Will the wonders ever cease? Perhaps it is fitting that on the fifth anniversary of the iPhone Nike is launching a connected shoe with an iPhone app. The Nike+ Training shoe includes pressure sensors, sport sensors, a charger, an adapter and of course an app that should be downloaded for the optimal Nike experience. Using a Bluetooth connection, the Nike+ sensors capture movement and other performance information. When the user jumps, the sensors can say how high. These sensors also know whether a user is jumping, running, sprinting and more. The app has onscreen instructions on how to complete a given exercise and its sensors record vital information such as speed and repetitions completed by the user. A voice from the app “coaches” the user on proper form for the exercises. The shoes are mildly water resistant but Nike recommends that they should not be submerged. And by the way, you can share all your information with other Nike+ training friends.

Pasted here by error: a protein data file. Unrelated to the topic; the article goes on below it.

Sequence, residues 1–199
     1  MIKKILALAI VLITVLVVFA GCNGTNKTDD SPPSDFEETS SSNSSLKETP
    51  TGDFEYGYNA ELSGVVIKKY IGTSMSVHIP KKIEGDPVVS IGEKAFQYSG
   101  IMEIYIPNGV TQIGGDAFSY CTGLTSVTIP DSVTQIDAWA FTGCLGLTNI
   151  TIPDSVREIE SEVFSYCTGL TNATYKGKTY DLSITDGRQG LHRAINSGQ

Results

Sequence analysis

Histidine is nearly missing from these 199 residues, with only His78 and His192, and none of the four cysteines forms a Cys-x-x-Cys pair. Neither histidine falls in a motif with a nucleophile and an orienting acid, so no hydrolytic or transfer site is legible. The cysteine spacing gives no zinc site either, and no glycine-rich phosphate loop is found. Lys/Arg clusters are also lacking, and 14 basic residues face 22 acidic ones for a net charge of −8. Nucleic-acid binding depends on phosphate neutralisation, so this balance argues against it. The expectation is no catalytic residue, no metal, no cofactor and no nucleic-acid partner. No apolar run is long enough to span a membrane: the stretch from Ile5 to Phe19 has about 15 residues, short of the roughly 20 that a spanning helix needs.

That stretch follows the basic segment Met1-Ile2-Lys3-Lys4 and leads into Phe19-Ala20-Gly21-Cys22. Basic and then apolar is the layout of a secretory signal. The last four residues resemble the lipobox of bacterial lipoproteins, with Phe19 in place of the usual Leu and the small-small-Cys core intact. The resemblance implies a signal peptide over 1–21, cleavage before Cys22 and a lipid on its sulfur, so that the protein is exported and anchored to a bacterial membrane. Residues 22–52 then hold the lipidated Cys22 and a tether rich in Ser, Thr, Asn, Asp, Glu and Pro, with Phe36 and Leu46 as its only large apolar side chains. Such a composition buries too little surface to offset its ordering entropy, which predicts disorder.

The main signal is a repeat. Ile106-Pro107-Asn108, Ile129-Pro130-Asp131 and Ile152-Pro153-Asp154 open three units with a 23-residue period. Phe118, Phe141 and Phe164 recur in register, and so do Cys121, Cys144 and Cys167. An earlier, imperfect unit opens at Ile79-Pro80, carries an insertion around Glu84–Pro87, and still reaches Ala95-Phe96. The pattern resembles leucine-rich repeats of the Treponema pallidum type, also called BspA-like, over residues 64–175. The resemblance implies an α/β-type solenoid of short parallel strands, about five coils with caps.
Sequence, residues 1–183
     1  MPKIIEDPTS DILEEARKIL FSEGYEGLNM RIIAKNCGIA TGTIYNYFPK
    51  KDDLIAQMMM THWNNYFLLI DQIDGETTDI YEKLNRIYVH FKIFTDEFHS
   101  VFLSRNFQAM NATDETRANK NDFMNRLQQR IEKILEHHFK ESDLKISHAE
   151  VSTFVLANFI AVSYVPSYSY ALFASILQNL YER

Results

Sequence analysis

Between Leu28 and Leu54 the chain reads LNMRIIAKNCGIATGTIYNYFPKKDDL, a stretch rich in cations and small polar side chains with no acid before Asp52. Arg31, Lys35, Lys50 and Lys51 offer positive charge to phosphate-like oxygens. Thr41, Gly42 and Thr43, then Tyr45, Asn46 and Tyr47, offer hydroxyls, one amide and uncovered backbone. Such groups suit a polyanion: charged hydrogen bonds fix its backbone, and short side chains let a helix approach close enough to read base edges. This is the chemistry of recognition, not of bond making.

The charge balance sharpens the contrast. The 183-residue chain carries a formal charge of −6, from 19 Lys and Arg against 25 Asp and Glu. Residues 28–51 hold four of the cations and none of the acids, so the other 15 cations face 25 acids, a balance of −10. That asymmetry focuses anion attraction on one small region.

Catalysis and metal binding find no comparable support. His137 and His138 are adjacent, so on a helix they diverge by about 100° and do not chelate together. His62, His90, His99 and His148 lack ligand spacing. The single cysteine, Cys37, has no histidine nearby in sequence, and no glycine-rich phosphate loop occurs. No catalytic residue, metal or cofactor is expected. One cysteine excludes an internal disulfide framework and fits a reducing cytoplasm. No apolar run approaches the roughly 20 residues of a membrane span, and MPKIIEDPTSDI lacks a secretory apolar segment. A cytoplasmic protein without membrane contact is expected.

While much is said about how the iPhone along with its accompanying siblings the iPod Touch and the iPad have changed the fortunes of Apple, it bears noting the iPhone has a much bigger reach. A connected Nike shoe would probably not have been possible without the iPhone. It’s also ironic to learn that in the face of tens of billions of app downloads to date, Steve Jobs originally resisted the idea of third-party apps. He did not think that apps would be beneficial to Apple and he worried that third party developers would compromise the integrity of the iPhone and also introduce viruses to the device. But instead those third-party apps have truly changed the world to the point where we can sport a Bluetooth connection to our shoes. Meanwhile, there is no guarantee that a connected shoe can actually compel anyone to get moving.